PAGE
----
Condit's Legacy | Aero-News Network
Aero-News Network
RSS icon RSS feed
podcast icon MP3 podcast
Subscribe Aero-News e-mail Newsletter Subscribe

Airborne Unlimited -- Recent Daily Episodes

Episode Date

Monday

Tuesday

Wednesday

Thursday

Friday

Airborne On ANN

Airborne 08.31.15

Airborne 09.01.15

Airborne 09.02.15

Airborne 09.03.15

Airborne 08.28.15

Airborne Hi-Def On YouTube

Airborne 08.31.15

Airborne 09.01.15

Airborne 09.02.15

Airborne 09.03.15

Airborne 08.28.15

EAA/ANN AirVenture Innovation Preview

AIP-#1 Vimeo

AIP-#2 Vimeo

AIP-Part 1 YouTube

AIP-Part 2 YouTube

Tue, Dec 02, 2003

Condit's Legacy

By Shifting Boeing's Focus To Defense, Did Its Outgoing CEO Fumble?

Phil Condit had a vision back in 1996.

He believed the future of Boeing, which he'd just been tapped to lead as president and CEO, was not in commercial aviation, but in defense contracting. Condit surprised the aerospace world Monday by resigning, leaving his post to former Vice Chairman Harry Stonecipher. But what about the vision thing?

Condit's reasoning seemed a simple example of capitalism at its best. The average profit margin in building commercial aircraft, Boeing's most visible endeavor, was five percent. But the margin in defense contracting is about eight percent. When you're dealing in astronomical numbers as Boeing does, a difference of three percent amounts to a load of cash.

So Boeing got hawkish under Condit's command, changing the ratio of its overall business until the point where, today, commercial aircraft manufacturing accounts for only 44% of Boeing's revenue. Its main rival in that field is Airbus, which, next year, will overtake Boeing as the world leader in commercial aviation manufacturing.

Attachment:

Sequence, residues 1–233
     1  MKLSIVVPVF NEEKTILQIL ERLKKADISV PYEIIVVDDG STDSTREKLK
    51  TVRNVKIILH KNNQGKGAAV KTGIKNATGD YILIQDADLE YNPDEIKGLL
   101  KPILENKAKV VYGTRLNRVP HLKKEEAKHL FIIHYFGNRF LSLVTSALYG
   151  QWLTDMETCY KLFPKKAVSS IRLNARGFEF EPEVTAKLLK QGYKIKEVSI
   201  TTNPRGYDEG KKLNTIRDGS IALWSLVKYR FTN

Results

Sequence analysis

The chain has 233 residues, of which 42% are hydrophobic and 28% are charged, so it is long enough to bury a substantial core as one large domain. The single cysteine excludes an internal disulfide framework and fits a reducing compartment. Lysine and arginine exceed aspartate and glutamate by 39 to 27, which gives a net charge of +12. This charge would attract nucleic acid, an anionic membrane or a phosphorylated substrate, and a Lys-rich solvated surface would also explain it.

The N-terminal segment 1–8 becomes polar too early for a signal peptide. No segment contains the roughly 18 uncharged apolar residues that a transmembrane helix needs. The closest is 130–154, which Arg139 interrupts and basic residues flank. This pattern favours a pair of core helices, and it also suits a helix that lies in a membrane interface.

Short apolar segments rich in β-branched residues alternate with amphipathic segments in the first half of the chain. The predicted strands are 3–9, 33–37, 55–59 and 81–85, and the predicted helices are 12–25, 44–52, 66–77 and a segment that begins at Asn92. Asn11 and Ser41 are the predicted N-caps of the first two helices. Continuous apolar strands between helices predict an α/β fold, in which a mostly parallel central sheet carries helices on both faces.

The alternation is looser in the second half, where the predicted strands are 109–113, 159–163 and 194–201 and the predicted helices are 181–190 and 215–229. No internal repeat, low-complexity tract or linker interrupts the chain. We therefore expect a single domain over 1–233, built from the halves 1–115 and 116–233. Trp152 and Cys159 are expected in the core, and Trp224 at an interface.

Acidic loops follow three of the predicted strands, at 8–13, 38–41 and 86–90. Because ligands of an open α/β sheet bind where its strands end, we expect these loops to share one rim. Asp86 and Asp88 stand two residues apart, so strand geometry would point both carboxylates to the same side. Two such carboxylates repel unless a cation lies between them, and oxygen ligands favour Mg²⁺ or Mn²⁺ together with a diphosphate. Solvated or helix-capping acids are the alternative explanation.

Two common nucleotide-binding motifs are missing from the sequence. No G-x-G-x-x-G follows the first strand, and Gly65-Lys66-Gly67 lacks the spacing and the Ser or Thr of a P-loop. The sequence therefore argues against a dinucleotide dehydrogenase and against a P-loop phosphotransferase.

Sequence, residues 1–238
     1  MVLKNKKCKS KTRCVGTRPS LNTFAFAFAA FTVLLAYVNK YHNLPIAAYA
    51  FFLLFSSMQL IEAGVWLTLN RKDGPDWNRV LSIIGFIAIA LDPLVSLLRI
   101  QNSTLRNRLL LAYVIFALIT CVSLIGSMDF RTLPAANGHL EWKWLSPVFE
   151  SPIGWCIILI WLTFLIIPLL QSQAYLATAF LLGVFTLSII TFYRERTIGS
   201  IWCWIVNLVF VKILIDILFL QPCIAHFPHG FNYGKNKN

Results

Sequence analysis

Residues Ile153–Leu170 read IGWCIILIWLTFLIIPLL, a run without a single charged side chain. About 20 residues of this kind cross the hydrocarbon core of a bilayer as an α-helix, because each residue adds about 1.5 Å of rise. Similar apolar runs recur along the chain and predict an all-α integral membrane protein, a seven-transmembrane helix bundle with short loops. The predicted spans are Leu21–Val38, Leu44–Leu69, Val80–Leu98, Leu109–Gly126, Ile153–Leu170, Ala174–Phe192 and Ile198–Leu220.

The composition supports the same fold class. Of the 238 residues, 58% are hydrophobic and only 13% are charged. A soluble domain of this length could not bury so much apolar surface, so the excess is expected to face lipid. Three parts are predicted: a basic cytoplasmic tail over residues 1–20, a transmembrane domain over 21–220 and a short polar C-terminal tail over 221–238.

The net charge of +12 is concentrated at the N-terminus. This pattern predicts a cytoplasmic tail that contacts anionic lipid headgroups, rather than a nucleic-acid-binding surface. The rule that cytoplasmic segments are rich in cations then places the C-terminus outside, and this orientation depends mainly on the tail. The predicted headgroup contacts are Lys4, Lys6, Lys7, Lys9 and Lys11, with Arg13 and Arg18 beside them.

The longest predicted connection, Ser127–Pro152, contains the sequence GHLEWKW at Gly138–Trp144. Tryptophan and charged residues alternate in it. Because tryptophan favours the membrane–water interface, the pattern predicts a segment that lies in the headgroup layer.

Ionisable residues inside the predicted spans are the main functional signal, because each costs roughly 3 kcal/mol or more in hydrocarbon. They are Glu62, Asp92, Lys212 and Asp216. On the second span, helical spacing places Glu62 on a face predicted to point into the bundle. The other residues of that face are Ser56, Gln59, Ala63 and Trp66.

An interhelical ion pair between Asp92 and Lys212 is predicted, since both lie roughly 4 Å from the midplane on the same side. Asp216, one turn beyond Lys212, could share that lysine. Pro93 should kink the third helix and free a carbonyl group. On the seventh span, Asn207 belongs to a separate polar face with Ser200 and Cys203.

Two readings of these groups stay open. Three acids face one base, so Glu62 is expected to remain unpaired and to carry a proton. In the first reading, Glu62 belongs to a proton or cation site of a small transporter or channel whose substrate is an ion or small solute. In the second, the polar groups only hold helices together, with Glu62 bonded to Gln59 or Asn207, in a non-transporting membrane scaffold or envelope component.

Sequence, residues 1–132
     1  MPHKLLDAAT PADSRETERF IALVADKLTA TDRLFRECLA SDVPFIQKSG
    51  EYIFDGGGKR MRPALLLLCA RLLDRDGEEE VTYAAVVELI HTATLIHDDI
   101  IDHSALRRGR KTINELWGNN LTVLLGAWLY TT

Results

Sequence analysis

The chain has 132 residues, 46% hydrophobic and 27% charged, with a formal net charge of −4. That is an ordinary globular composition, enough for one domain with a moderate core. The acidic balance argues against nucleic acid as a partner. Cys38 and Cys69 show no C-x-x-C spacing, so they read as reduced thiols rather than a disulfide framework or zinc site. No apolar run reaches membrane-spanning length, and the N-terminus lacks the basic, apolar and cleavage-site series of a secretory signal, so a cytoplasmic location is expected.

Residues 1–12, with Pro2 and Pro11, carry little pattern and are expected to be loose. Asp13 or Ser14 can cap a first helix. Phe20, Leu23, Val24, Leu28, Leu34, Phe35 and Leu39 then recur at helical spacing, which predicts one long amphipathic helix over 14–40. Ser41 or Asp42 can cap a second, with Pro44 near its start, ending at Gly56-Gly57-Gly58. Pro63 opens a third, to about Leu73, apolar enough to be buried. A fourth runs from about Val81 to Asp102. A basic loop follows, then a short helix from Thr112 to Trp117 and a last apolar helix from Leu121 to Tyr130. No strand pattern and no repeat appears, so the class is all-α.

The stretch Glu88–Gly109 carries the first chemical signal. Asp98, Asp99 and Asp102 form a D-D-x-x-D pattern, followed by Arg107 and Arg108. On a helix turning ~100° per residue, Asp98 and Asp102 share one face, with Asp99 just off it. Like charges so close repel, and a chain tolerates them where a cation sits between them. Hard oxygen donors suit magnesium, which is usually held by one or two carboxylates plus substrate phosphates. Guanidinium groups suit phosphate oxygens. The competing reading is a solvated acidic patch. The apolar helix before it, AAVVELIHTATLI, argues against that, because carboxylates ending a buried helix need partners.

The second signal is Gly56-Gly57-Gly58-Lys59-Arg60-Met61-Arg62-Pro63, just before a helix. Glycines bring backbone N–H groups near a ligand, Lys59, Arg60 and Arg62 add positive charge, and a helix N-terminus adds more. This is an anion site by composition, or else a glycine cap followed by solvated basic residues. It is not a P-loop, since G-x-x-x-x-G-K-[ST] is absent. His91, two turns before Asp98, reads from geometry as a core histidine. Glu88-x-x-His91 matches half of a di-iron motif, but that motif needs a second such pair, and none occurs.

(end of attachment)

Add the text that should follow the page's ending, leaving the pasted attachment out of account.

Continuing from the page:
The quest for higher profits brought ethical scandals to Boeing. In competing with the likes of Raytheon and Lockheed-Martin, Boeing executives found themselves under investigation for breaches like industrial espionage and unethical practices. Those allegations, involving the Evolved Expendable Launch Vehicle in 1997, the missile defense shield in 2002 and now the "supertanker" replacement for the USAF's KC-135s, hang like a sour cloud over the company.

So perhaps that's why Stonecipher appears headed back to Boeing's roots -- commercial aviation. In an interview with Fox News, along with outgoing CEO Condit, Stonecipher said he's personally backing the 7E7 project as it goes before the Boeing board of directors this month for the green light to manufacture.

"Oh, I think it is a great idea," he said.

"I think we need a new airplane program and I think the guys (developing the 7E7) have done a good job, a very thoughtful job and they’re going to be bringing it to the board. And I’m going to be right there beside them helping them present the thing to the board."

FMI: www.boeing.com

Advertisement

More News

Aerospace Update: Swiss Team Wins Gordon Bennett Balloon Race

The Swiss Team of Kurt Frieden And Pascal Witprächtiger Won The 59th Coupe Aéronautique Gordon Bennett Competition The Coupe Aéronautique Gordon Bennett, the FAI>[...]

ANN's Daily Aero-Linx (09.03.15)

NASA JPL Education Site The Education home page for NASA JPL is the perfect place for parents and teachers to find activities for a budding rocket scientist, engineer, technician, >[...]

ANN's Daily Aero-Term (09.03.15): Magnetic Variation

Difference between true north and magnetic north, varying with position; magnetic variation drifts with time.>[...]

Aero-News: Quote Of The Day (09.03.15)

“We want this to be a gateway to aviation, and for the existing industry to embrace these craft.” Source: AUVSI president and CEO Brian Wynne.>[...]

Woman Who Suffered From Septic Shock Skydives For First Time

Jump Follows Amputation Of Both Hands And Feet, Done To Raise Awareness Of The Condition A woman in Oklahoma who lost both hands and feet to septic shock last year has done somethi>[...]

blog comments powered by Disqus



Advertisement

Advertisement

Podcasts

Advertisement

© 2007 - 2015 Web Development & Design by Pauli Systems, LC